What can I say... I did tell you Malaysians love their food! Soooo, I'm just completing the (food) story as well as keeping my promise that there IS more to our food encounters in Ipoh.
A little preamble is needed, I think... - we were in Ipoh! Food haven (some say), Ipoh is or was, a tin-mining town about 200km north of the capital city of Kuala Lumpur, where we were travelling from. I have not had a chance to check the town out thoroughly before, other than passing through on the way somewhere else, or making a short stop just for a meal... So, a proper tour was long overdue.
Ok, no wasting time here today - we go hard-core FOOD! And only food talk!!
Day 2 - sometime in the afternoon...
So, picking up from the end of the last post...
Tea time! We made it from the car to Kong Heng Square while the grey darkening skies above were threatening... Photos first - we had heard much about this place and so had to check it out first hand, of course! And get some photos.... and eat the 'ais kepal'! And it's not just an ice ball... There's history to it! Most adults of a... emmm, 'mature' age, remember sucking on these ice balls from the roadside hawker after school, with syrup dripping down our hands and arms... and since making it to trending lists recently, it's also much coveted by the youngsters!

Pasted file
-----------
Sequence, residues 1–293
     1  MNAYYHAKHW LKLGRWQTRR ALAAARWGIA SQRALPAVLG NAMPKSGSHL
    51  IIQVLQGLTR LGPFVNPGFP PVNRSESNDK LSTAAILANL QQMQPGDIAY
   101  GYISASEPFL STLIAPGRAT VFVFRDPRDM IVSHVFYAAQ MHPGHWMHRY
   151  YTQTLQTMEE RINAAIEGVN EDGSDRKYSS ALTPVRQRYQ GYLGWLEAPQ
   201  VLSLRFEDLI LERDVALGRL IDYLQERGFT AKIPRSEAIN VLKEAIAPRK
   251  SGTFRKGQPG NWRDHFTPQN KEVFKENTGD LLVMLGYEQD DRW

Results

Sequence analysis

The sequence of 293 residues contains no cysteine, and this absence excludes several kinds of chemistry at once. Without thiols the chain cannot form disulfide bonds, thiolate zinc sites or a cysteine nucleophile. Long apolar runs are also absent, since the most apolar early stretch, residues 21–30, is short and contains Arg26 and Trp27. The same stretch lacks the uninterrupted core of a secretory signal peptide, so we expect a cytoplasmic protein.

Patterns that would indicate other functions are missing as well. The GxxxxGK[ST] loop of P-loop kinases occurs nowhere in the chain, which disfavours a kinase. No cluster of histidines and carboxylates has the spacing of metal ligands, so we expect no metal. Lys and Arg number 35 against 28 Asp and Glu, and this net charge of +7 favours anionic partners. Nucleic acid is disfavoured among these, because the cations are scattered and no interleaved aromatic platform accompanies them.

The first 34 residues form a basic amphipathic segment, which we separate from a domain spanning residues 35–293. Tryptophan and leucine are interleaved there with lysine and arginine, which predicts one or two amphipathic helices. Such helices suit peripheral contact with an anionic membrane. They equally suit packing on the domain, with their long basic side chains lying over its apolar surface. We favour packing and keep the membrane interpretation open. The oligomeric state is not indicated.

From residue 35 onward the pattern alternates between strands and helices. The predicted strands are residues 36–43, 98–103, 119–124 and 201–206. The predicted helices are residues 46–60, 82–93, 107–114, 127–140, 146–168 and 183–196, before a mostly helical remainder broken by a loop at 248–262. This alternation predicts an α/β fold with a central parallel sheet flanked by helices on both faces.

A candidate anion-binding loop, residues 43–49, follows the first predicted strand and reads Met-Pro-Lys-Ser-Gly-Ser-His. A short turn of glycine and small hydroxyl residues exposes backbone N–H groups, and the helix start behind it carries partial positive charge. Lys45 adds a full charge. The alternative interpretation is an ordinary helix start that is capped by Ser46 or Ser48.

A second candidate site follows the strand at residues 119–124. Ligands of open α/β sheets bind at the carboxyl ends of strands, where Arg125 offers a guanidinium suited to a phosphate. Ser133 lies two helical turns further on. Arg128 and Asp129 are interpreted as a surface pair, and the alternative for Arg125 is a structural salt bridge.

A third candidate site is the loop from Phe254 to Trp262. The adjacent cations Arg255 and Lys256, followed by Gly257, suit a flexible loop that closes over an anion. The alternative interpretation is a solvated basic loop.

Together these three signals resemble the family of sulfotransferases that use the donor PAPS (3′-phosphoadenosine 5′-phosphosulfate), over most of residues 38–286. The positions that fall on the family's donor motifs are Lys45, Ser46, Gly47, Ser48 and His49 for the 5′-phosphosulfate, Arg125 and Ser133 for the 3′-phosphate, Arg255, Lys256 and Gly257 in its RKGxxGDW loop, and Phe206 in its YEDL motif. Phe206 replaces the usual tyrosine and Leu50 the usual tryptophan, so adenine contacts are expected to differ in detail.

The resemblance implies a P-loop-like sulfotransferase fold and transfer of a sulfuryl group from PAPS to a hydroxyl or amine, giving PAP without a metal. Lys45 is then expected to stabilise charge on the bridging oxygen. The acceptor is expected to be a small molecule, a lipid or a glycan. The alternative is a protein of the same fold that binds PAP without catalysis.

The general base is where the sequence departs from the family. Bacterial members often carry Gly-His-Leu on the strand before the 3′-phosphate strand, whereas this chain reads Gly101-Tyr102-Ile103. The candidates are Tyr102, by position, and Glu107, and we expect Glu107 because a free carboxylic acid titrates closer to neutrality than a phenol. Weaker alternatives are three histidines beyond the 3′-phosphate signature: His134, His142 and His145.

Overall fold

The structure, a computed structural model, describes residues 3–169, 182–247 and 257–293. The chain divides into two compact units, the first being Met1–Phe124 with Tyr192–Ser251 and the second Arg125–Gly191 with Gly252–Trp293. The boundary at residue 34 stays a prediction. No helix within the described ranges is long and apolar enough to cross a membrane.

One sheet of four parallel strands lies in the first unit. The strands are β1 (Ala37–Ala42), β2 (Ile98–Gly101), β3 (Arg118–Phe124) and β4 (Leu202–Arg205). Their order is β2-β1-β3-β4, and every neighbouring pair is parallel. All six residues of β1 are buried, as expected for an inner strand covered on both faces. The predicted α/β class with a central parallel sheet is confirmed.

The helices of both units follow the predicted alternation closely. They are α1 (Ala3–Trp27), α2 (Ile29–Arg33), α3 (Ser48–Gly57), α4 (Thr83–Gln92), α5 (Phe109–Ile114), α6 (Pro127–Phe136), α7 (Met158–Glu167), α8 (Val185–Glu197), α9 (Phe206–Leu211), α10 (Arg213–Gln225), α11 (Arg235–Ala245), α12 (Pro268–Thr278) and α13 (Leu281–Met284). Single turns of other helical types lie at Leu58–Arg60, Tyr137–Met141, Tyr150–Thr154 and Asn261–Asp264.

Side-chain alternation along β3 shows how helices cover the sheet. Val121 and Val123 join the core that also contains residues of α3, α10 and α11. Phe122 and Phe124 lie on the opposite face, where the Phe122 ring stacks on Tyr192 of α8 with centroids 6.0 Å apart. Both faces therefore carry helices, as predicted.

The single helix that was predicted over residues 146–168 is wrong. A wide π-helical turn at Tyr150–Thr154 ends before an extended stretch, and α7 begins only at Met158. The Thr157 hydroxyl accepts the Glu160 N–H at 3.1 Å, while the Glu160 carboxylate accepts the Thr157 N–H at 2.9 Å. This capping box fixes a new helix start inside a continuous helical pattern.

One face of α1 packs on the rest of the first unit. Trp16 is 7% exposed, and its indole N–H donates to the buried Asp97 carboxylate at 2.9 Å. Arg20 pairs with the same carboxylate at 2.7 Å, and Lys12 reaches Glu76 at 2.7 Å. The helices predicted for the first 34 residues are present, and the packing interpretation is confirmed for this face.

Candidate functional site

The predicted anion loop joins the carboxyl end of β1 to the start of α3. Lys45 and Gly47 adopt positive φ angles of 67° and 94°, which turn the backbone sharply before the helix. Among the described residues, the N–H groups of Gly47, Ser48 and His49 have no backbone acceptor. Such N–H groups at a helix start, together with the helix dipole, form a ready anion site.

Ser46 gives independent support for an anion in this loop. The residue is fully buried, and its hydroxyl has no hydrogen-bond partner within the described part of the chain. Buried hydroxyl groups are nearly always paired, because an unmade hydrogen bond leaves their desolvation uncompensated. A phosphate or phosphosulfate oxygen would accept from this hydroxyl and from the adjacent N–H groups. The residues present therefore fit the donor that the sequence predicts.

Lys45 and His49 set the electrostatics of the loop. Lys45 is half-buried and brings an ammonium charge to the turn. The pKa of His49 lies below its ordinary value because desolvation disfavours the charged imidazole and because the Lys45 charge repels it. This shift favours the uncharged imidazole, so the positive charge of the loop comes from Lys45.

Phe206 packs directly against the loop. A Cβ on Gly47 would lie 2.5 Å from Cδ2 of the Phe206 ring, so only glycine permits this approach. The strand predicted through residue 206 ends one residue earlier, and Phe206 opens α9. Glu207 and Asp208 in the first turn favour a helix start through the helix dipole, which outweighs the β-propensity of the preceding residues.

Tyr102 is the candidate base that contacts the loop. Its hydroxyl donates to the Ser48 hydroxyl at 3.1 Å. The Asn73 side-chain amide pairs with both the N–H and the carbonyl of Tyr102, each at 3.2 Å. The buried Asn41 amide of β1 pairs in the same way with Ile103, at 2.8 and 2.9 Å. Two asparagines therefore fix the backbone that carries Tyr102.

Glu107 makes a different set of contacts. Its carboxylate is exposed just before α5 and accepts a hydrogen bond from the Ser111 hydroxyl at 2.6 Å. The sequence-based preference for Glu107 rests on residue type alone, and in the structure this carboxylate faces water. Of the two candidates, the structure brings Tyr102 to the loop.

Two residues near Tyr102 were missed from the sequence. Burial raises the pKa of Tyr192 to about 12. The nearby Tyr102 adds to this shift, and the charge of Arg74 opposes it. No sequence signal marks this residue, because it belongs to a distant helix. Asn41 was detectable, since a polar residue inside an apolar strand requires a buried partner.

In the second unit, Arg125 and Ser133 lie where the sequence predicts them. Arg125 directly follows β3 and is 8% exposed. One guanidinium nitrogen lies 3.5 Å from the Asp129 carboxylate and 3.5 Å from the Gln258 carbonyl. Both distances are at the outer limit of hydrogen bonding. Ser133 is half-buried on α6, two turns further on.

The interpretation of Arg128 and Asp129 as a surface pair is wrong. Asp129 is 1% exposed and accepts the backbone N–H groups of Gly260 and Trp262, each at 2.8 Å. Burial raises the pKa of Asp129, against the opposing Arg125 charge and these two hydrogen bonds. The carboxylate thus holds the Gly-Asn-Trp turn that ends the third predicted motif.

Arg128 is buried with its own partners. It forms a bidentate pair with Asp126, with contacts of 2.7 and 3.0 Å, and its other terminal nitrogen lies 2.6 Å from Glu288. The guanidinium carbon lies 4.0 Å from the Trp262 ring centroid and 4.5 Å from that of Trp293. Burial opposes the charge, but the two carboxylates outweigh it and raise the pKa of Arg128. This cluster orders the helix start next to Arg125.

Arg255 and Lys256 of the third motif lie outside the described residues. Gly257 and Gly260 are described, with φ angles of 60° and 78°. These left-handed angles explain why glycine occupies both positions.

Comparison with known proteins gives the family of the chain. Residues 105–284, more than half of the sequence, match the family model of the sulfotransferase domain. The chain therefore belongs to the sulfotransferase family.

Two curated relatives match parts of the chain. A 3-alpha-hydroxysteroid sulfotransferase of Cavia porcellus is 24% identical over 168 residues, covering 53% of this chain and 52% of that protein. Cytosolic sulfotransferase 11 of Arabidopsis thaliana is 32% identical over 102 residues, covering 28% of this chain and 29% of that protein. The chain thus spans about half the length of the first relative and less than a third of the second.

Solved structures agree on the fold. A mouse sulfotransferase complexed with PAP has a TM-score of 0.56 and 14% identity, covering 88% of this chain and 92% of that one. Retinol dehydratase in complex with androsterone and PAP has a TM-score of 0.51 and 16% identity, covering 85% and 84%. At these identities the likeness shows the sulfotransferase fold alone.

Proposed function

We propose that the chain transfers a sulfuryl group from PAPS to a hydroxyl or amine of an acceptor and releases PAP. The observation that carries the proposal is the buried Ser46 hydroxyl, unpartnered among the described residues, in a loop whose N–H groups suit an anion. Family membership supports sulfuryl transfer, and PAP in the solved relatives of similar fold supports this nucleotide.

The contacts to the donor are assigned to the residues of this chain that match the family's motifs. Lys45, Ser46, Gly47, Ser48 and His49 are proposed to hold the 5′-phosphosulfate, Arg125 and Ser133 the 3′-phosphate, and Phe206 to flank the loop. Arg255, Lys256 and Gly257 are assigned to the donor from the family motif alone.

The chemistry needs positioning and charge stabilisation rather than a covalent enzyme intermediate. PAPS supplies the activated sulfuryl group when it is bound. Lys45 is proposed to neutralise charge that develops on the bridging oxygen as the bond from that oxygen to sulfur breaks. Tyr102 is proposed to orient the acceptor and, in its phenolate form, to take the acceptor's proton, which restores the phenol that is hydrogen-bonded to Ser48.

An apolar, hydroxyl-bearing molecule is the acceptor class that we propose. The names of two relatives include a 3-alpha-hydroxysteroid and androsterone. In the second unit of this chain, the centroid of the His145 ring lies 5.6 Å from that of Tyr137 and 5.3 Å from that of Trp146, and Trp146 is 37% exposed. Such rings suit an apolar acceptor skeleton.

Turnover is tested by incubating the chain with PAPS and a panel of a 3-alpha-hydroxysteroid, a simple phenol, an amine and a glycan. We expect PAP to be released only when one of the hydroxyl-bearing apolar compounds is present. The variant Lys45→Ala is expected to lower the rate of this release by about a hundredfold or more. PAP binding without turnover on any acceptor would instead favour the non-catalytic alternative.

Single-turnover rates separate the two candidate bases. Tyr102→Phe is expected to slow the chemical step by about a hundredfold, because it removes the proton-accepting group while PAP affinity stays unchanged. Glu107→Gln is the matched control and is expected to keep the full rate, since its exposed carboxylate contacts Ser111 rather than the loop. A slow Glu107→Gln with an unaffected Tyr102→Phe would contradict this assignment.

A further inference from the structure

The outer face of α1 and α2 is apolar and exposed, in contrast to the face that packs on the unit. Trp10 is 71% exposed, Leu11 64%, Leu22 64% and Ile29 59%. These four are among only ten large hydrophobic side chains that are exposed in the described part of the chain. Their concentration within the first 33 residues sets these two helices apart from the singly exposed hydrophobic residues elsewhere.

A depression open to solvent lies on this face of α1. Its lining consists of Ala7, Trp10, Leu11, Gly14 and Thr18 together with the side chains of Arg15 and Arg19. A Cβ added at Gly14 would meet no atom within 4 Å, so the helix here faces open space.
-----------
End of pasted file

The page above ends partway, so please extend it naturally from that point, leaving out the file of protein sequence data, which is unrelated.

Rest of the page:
Kong Heng Square consists of a few old colonial-style buildings, revived in recent years and now has a collection of cafes, little shops, and even a hotel, 'Sekeping Kong Heng' - translated as 'A Piece of Kong Heng'. Sweeettttt.....
How to eat an ais kepal? The modern day version is conveniently served with two sticks stuck into it, so you can hold it up less messily, then you suck on it! 😙😂 As it melts, you get a pool of syrup at the bottom of the bowl, and you can either re-hydrate the ice ball or slurp the syrup up! Beware, as it melts, the law of gravity applies... the ball can also loosen and fall off the sticks!! 🤣 And you lose your ball! (I can't believe I'm teaching 'Eating Ais Kepal 101'...)
We were back at the supper place of the night before - food there was good, lots of stalls and lots of choices... That's the Tong Sui Kai (Sweet Water or Dessert Lane). As usual, we order some dishes to share... As with many food places like this, you grab a table, then go find whatever food you fancy, order, pay and then it's usually self service, so you carry them back to your table.